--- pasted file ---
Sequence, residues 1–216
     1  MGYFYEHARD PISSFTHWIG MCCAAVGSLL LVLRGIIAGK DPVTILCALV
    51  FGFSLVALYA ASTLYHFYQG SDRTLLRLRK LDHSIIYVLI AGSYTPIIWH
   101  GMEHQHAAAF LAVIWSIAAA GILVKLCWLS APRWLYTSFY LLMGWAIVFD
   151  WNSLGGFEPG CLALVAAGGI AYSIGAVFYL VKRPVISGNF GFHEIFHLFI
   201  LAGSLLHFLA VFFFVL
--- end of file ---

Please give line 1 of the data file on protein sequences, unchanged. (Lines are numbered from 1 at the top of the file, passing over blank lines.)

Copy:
Sequence, residues 1–216